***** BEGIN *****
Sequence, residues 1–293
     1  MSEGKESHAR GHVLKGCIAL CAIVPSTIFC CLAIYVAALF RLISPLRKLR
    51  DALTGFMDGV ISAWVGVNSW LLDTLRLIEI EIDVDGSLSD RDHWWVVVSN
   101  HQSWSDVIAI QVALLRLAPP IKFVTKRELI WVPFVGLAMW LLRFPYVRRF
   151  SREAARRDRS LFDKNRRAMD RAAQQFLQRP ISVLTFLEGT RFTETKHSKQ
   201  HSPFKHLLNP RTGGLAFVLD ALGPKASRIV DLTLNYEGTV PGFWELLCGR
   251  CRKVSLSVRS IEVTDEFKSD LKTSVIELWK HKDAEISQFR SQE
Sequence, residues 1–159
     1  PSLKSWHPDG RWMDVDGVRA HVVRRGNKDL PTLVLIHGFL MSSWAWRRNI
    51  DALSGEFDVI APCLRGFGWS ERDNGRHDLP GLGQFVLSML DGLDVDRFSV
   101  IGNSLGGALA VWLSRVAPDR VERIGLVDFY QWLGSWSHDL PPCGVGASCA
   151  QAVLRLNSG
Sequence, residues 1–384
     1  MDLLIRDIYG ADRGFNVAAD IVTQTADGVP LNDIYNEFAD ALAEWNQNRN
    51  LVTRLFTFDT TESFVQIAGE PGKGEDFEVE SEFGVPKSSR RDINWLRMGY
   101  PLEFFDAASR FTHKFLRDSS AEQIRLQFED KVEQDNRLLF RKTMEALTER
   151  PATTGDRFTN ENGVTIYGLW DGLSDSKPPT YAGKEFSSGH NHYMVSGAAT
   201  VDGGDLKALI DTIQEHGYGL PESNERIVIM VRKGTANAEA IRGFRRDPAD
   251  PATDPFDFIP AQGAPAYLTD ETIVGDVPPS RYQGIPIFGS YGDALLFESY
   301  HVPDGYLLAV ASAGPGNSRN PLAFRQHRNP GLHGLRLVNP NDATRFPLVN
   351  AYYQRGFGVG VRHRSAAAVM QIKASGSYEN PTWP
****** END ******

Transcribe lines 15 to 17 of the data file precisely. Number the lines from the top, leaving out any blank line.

    51  LVTRLFTFDT TESFVQIAGE PGKGEDFEVE SEFGVPKSSR RDINWLRMGY
   101  PLEFFDAASR FTHKFLRDSS AEQIRLQFED KVEQDNRLLF RKTMEALTER
   151  PATTGDRFTN ENGVTIYGLW DGLSDSKPPT YAGKEFSSGH NHYMVSGAAT